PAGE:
Just as move-in week and the return of late-night study sessions cause college students to lose sleep, a new project by University of Wisconsin researchers has found sleep deprivation may play a role in late night snack binges.

A new study conducted by UW researchers demonstrates the effects of sleep deprivation on hedonic, or reward-seeking, eating behaviors. The study is the first to show how overactive brain chemistry can lead to hedonic eating when people are sleep deprived. Such results have clinical implications and may provide a partial explanation for the eating habits of college students, according to Marcy Braun, a registered dietician with University Health Services.

Research studies performed on humans have long confirmed overeating in times of sleep deprivation. Brain scans and surveys show people are drawn to unhealthy, carbohydrate-rich foods, such as soda and dessert, when they have lost sleep, she said.

“You can definitely tell that when people are sleep deprived. They need … quick-acting energy,” Braun said.

Typically, the brain coordinates with other parts of the body to adjust caloric intake. Brian Baldo, assistant professor of psychiatry and lead author of the study, likens the brain to a thermostat. Like a thermostat, which turns on the heat when the temperature of a room is too low, the brain sends signals that trigger us to eat when peripheral signals from the rest of the body are too low, Baldo said.

“Feeding is a chemical challenge to the body [through which] peripheral hormones change the size of a meal,” Baldo said.

However, previous studies showed no association between sleep deprivation, changes in peripheral signals and increased eating.

Baldo and Ruth Benca, professor of psychiatry and Wisconsin Sleep Center research director, respectively, explored this phenomenon in a study conducted on rats. A moving belt jarred one group of rats awake to simulate sleep deprivation. Results from this group were compared to rats on a reduced diet and rats exposed to the moving belt while awake, Baldo said.

Analysis of rat brain scans in the study revealed sleep deprivation was a likely cause of the overexpression of opioid peptides, particles which can lead to an experience of intense pleasure. This indicated the opioid system, which is central in reward systems, is overactive in sleep-deprived rats, Baldo said.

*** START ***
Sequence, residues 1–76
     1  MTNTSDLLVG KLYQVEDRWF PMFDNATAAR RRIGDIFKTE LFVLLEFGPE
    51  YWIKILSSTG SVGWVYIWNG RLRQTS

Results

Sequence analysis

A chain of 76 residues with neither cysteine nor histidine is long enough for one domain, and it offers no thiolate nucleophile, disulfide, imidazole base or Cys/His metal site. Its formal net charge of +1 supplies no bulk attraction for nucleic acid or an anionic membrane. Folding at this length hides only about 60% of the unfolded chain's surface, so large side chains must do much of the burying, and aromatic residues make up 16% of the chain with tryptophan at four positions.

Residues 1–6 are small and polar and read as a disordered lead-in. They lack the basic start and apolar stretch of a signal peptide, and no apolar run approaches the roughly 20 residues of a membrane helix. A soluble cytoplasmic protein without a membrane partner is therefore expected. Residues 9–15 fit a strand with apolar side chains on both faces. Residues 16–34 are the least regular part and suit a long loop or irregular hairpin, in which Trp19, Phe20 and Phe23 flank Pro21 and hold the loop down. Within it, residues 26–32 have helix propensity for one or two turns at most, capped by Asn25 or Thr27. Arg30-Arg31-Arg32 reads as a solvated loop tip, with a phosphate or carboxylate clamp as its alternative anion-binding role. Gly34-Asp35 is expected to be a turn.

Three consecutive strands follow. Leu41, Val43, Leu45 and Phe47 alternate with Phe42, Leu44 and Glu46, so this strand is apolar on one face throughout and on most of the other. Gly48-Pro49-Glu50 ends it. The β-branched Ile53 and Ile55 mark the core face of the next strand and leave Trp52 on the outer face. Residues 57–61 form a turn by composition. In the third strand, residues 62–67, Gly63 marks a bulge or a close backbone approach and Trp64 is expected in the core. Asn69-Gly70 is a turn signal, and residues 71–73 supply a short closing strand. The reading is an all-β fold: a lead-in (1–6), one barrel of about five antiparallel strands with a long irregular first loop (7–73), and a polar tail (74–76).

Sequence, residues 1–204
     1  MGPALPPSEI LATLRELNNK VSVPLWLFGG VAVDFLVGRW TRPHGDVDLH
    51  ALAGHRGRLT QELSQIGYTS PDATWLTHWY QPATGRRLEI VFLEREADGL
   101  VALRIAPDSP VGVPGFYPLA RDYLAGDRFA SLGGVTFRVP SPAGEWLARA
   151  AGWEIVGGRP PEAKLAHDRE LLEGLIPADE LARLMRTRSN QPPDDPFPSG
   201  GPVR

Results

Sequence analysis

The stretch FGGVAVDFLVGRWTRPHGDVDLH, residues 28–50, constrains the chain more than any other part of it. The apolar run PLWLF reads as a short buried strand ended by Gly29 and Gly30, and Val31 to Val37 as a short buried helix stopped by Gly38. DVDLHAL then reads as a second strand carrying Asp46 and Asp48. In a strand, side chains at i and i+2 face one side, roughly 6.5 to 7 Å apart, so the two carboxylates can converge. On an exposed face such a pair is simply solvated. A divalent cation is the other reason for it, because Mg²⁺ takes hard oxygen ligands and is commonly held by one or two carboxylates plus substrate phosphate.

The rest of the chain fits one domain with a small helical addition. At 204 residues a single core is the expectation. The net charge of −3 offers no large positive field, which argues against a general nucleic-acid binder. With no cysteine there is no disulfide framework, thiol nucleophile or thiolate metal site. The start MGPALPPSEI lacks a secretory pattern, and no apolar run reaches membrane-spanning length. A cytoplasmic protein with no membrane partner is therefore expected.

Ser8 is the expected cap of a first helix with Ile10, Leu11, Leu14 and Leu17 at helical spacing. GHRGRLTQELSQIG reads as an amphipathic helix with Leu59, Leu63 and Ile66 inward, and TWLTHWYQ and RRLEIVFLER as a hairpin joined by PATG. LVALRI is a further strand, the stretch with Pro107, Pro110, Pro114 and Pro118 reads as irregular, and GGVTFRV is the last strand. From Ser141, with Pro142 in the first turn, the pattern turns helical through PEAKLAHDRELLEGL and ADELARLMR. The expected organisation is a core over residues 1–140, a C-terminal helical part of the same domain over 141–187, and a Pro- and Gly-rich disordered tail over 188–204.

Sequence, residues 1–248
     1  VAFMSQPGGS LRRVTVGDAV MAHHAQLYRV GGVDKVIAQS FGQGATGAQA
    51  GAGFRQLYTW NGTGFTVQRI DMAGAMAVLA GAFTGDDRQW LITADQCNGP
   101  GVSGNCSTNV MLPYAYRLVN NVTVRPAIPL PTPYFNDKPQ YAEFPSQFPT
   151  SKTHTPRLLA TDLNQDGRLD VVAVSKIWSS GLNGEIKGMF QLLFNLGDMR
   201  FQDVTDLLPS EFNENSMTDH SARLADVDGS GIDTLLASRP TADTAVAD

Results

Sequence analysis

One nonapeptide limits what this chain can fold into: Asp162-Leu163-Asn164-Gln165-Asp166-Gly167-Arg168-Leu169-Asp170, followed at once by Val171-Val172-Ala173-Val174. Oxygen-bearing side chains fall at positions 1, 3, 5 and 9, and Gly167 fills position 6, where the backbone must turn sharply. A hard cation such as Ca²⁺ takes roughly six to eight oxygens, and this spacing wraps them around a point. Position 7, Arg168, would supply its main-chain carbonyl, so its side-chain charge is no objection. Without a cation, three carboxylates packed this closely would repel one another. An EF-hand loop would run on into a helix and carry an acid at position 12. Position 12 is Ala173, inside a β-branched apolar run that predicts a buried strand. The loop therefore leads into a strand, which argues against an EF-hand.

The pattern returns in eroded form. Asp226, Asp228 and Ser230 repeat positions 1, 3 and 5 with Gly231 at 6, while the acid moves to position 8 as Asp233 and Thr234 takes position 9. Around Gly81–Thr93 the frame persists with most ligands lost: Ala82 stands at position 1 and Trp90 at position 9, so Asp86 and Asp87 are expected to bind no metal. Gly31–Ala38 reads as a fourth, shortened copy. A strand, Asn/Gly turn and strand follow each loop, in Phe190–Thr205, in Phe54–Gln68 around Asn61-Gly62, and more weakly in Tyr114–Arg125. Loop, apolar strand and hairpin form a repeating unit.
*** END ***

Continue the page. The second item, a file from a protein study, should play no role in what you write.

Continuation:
The current study therefore provides the over-activation of reward centers as one possible explanation for increased snacking in sleep-deprived humans, Baldo said. Sleep deprivation can lead to an increased regulation of opioid peptides, sticking genes in the “on” position and resulting in excessive eating, he said.

Available data suggests that overactive opioid systems recover when sleep is replenished, Baldo said. In future work, Baldo would like to study other chemical changes that could drive overactive opioid systems. The effects of sleep deprivation on the opioid systems of overweight or obese individuals also will make for interesting future study, he said.

The study gives insight into a realm that is not easy to control. While sleep-deprived students may be prone to eating unhealthily, Baldo emphasizes that these new studies mark correlations between sleeping and complicated eating behaviors that may “destigmatize snacking problems under sleep loss.”

The clinical implications of the study are far-reaching, Brown said. The study results may help individuals who are trying to lose weight, since results may suggest that simply getting more sleep may help curb unhealthful snacking, she said.

Brown recommends students combine awareness with regular eating to combat excessive eating under sleep deprivation. Adding energy-dense, protein-rich foods, such as peanut butter, to snacks may also limit unhealthy choices, she said.

Still, hedonic eating processes driven by sleep loss are hard to control, Baldo said. Both Brown and Baldo agree, however, that study results have the potential to target drugs that regulate cravings and other eating behaviors.

Brown said experimenting with getting an extra hour of sleep each night for one week can help determine how sleep deprivation impacts an individual and could positively impact both quality of sleep and eating behaviors.